Most Italian Jews Back Israel in Face of Criticism, Rabbi Says

The majority of Italy’s 35,000 Jews is united behind Israel in the face of criticism of its tough measures to quell the continuing Palestinian riots, according to the chief rabbi of Rome.

He conceded, however, that a small minority of leftist Jews is sharply critical of Israel’s policy, a position he disputes.

“I believe that as Jews we should keep our differences to ourselves,” Rabbi Elio Toaff, 73, said in an exclusive interview last week during a U.S. visit. The interview was conducted in Hebrew at Diva Restaurant, the only dairy kosher Italian eatery in New York.

The chief rabbi said that a recent appeal criticizing the Israeli government and signed by 500 Italian Jews comprised only leftist Jews from Milan “who believe that the interests of the (the Communist Party) surpass the interests of the Jewish people.”

But he noted that he banned a proclamation in support of Israel by the Rome Jewish community because of his belief that Jews should keep their opinions to themselves.

“In Rome most of the Jewish community is supportive of Israel,” Toaff said.

The chief rabbi accused the Italian media of biased coverage of the disturbances and the Israeli counter-measures in the administered territories.

“The Italian media have grossly exaggerated the actions of the Israeli government. The reports lacked objectivity. After all, you can not blame only one side and accuse it with all that goes wrong while saying that the other side is blameless,” Toaff said.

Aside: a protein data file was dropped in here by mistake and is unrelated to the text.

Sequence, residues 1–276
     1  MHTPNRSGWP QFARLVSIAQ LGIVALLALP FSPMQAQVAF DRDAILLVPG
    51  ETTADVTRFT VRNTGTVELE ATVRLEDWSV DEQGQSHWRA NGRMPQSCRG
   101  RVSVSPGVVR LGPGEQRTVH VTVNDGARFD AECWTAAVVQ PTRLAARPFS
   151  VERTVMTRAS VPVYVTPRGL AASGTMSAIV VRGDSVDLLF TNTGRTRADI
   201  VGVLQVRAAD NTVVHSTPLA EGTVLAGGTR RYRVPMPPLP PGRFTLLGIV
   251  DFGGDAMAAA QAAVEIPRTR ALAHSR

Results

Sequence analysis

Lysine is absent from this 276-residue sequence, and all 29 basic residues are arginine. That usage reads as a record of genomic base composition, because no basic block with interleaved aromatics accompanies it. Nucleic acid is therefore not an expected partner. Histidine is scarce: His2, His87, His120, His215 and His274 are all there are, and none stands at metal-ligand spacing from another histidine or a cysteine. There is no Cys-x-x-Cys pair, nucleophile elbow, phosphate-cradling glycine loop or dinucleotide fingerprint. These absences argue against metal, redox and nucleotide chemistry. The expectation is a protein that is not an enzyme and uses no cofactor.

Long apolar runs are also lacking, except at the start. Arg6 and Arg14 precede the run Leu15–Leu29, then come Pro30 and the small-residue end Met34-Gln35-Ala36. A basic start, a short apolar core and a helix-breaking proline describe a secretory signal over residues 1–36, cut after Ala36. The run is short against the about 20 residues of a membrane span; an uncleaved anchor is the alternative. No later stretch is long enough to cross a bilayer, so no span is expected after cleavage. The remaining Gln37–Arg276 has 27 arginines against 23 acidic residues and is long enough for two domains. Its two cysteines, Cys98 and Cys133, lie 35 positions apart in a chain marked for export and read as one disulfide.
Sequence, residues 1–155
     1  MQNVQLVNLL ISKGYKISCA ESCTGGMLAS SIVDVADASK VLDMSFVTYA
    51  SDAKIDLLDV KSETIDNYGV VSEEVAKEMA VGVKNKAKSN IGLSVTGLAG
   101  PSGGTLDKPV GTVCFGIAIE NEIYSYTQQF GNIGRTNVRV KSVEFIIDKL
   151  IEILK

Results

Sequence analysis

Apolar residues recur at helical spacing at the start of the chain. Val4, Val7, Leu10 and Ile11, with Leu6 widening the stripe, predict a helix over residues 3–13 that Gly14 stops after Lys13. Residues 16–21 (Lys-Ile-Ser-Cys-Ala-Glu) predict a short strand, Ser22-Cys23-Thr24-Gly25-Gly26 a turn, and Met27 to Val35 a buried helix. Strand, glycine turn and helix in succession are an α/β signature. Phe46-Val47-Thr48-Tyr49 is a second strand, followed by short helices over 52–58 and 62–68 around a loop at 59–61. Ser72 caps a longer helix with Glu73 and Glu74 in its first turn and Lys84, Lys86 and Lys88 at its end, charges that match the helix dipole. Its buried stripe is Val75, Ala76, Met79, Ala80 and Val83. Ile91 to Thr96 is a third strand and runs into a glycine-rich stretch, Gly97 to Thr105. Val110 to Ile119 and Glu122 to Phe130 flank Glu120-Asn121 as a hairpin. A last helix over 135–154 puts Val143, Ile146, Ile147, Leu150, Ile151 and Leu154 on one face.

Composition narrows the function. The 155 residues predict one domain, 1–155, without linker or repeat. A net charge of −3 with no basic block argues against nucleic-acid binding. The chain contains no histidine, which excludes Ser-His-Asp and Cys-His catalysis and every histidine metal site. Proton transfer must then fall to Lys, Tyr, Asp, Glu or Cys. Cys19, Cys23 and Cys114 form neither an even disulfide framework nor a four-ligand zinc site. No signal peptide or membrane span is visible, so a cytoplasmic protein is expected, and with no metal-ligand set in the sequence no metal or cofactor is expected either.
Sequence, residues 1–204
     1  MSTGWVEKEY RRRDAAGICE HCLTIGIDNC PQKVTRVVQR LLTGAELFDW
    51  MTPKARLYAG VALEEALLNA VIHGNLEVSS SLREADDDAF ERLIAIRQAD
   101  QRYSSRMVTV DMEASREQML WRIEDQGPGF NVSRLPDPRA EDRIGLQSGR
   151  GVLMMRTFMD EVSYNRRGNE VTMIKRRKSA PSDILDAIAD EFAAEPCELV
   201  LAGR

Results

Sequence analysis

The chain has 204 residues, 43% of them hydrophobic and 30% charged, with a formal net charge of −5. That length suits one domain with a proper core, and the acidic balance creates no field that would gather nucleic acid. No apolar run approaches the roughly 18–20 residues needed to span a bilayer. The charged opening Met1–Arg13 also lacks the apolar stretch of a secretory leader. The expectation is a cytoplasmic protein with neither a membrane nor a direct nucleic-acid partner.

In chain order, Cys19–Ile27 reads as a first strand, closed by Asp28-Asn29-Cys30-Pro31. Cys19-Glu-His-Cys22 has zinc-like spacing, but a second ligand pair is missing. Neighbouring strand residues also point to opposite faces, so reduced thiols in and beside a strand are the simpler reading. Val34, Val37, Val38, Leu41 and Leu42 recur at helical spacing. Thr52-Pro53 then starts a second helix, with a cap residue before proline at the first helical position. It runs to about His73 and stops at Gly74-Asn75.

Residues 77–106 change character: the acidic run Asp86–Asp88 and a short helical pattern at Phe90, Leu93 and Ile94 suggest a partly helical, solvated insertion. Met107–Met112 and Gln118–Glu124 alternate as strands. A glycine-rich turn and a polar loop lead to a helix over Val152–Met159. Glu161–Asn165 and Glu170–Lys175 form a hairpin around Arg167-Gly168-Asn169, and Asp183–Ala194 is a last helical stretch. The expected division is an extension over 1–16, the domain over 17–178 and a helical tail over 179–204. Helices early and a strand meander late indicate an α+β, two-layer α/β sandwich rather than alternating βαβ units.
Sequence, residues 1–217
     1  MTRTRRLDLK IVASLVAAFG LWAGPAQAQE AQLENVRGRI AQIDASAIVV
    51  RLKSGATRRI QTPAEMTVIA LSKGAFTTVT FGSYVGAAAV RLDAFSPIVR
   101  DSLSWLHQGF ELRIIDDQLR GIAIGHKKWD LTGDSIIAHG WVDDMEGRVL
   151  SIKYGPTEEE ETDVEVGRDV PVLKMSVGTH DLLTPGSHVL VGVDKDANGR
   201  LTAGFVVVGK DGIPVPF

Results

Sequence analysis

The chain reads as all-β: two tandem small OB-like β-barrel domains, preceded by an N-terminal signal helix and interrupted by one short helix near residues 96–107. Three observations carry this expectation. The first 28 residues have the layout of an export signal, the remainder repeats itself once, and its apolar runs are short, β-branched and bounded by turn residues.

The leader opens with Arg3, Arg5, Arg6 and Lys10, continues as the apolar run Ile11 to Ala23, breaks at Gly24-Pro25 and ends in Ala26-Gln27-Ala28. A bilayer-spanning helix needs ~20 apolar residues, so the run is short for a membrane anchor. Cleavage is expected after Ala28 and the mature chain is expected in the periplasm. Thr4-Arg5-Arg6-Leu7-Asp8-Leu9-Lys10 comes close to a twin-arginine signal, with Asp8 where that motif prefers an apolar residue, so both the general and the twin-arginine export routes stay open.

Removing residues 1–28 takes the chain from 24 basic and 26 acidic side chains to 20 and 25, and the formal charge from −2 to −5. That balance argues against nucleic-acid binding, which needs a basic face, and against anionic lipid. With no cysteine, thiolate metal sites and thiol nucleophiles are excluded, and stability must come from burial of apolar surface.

SAID AVERAGE ITALIAN SUPPORTIVE

Despite the media barrage, the chief rabbi said, “the man in the street” is still supportive of the Jewish state.

Toaff acknowledged reports that anti-Semitism in Italy has increased as a result of the worsening image of Israel.

“Look, anti-Semitism has never completely disappeared in Italy. And whenever something happens in the Land of Israel–there is an increase in anti-Semitism in Italy. After all, the extreme-right parties in Italy have always been anti-Semites, and they still are. And so is the extreme left,” he said.

Italian Jewry is therefore “concerned, but not surprised” at finding “anti-Semitic slogans painted across walls in Rome, and especially on stores owned by Jews. Some of the slogans said ‘Jews to the ovens,’ ‘Let’s make soap out of the Jews’ or ‘The Jews Must Die,’ ” he said.

According to Toaff, the current anti-Semitism is milder than the anti-Jewish and anti-Israel feelings that prevailed in Italy during the Israeli war in Lebanon in 1982.

The chief rabbi said that he is concerned over the recent anti-Semitic mood in his country, but he said he does not fear violence against Italian Jews.

Toaff arrived in New York in connection with the publication of his book “Perfidious Jews, Elder Brother,” his life story interwoven with that of his Jewish community. Few American publishers have expressed interest in publishing the book in the United States, Toaff said.

He also came here, he said, to introduce a new line of kosher Italian food prepared under his supervision on behalf of the municipality of Rome.

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